Highly polymorphic neutral genetic markers are widely used to assess associations between environmental variation and population genetic structure [23, 24] and such associations have been used as indicators of the influence of abiotic factors (elevation, aspect, soil type, temperature, precipitation, etc.) on the spatial distribution of genetic variation across many taxa [2527]. Local adaptation and adaptive differentiation are known to be important drivers of spatial genetic structure [2830] but require experimental approaches to detect [31, 32]. Recent studies have attempted to quantify the relative roles of IBD and IBE on spatial genetic structure by correlative comparisons to various climatic or environmental features [33, 34]. Few studies, however, have integrated neutral-marker population structure observations with explicit tests for local adaptation.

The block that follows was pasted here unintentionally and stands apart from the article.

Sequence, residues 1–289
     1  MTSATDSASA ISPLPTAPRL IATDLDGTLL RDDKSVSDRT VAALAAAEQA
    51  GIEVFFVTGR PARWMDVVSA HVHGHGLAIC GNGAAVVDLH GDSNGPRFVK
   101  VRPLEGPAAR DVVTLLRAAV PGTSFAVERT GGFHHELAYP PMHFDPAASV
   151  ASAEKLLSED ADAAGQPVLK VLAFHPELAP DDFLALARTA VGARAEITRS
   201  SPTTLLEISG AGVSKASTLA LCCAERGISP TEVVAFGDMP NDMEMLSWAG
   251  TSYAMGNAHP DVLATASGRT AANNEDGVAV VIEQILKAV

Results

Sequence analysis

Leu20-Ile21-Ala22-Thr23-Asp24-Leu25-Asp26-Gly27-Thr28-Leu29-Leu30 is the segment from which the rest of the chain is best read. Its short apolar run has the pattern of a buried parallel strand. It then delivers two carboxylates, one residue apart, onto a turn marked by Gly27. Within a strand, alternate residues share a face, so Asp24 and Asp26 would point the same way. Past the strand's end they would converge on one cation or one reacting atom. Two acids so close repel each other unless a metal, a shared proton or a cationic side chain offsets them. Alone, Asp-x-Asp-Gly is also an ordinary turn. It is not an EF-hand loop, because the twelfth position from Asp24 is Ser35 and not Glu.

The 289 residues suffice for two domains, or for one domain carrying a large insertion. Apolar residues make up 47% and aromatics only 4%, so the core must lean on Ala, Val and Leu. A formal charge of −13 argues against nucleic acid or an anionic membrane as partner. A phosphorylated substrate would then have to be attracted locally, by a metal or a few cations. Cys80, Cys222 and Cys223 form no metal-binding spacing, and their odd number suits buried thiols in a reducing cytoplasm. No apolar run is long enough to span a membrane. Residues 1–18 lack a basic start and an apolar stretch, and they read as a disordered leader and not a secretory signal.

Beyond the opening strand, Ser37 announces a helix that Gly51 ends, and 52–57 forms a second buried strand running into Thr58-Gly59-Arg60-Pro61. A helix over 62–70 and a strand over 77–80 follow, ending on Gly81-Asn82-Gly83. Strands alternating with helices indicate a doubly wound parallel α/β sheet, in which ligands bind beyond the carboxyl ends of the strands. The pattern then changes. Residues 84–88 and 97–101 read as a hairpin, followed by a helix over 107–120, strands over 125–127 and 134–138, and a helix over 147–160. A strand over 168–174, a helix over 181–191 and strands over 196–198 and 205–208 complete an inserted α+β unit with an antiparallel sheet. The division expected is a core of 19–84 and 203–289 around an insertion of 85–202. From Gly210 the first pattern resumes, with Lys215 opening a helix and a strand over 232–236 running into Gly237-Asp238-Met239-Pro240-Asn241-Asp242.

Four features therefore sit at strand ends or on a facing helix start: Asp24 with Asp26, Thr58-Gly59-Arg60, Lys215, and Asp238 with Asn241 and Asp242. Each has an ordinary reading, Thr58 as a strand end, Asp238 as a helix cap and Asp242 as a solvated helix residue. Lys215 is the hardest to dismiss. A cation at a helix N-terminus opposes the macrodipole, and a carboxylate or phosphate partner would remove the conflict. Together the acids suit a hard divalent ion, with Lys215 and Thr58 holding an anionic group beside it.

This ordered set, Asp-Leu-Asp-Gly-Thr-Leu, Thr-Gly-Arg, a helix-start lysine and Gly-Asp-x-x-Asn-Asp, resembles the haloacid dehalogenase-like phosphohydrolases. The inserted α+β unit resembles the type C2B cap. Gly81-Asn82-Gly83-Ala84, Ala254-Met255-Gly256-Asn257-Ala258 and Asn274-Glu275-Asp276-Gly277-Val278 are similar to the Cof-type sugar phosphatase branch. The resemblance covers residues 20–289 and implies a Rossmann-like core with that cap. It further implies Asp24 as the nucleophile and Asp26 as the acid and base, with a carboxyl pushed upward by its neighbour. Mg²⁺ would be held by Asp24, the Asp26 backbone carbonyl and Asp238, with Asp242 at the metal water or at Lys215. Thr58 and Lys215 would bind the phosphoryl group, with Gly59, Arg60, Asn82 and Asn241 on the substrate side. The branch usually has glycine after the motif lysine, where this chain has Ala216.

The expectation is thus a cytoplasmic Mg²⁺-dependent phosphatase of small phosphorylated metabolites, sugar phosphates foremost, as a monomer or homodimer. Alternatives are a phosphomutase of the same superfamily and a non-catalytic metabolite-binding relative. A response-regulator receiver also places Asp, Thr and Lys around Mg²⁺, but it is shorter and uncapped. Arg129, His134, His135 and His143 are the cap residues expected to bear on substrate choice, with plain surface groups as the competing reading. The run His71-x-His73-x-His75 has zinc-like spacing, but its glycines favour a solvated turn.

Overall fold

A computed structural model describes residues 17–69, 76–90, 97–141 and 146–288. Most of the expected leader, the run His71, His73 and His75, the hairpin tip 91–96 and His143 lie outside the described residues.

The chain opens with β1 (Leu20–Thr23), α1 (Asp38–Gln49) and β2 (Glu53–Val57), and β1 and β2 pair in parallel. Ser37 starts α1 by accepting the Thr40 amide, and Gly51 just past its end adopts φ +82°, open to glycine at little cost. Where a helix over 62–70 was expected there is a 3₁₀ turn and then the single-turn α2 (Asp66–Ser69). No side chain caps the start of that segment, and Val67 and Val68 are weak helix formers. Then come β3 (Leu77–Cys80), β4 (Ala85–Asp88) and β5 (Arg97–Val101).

Three conditions are thought to be necessary for local adaptation to occur: 1) high genetic variation exists within the population; 2) individuals within a population are distributed over varying environmental conditions; and 3) gene flow is extremely limited or absent among areas of the range [35, 36]. Initial observations suggest that these conditions are likely to be met in the lone lowland tropical oak species of northwestern Costa Rica, Quercus oleoides. The large population size until recent land-use change likely resulted in high genetic diversity within the population [37]. Considerable heterogeneity exists in climate, with highly seasonal precipitation at low elevations and a much less severe dry season at high elevations [38]. Gene flow may also be limited among sites, as has been shown in other oak species [39]. Seed movement is known to be limited to very short distances due to the poor dispersal behavior displayed by the primary mammal disperser, Dasyprocta punctata (Central American Agouti) [40]. Therefore, wind-dispersed pollen movement is likely a more important mechanism of gene flow in this population. Pollen dispersal may also be limited, however, given that Q. oleoides displays considerable variability in flowering phenology [37]. The distribution of the population across climatic and elevation gradients coupled with the potential for limited gene flow sets up the possibility that selection across this gradient has led to local adaptation.